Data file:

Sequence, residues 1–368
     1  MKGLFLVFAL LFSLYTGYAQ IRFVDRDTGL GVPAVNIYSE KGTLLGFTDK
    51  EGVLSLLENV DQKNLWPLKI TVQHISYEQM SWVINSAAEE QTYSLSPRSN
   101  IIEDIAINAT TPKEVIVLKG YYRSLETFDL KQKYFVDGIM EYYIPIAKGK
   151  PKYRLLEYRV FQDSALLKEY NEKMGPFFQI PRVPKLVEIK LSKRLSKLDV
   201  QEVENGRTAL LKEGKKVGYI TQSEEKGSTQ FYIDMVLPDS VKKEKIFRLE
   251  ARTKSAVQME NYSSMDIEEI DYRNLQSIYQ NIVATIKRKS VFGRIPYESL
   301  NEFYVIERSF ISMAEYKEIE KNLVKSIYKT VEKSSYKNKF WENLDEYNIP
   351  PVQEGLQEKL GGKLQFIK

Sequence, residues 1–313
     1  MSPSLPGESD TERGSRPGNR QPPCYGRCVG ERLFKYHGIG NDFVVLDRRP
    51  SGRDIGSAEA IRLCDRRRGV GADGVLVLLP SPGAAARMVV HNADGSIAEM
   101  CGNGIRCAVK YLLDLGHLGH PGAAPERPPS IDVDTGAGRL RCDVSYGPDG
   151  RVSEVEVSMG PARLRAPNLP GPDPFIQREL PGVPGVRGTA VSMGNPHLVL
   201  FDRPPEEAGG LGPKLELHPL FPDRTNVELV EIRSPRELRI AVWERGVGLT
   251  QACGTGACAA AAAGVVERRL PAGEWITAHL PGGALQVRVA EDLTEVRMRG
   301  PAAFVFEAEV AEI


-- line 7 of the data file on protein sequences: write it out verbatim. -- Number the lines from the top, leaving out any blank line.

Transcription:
   251  ARTKSAVQME NYSSMDIEEI DYRNLQSIYQ NIVATIKRKS VFGRIPYESL